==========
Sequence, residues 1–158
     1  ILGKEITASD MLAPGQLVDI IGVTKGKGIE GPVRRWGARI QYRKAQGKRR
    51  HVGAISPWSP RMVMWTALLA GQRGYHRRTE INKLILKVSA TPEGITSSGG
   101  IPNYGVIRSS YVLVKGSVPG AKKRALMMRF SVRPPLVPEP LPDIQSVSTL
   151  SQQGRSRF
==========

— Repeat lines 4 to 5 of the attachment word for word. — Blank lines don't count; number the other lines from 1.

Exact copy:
   101  IPNYGVIRSS YVLVKGSVPG AKKRALMMRF SVRPPLVPEP LPDIQSVSTL
   151  SQQGRSRF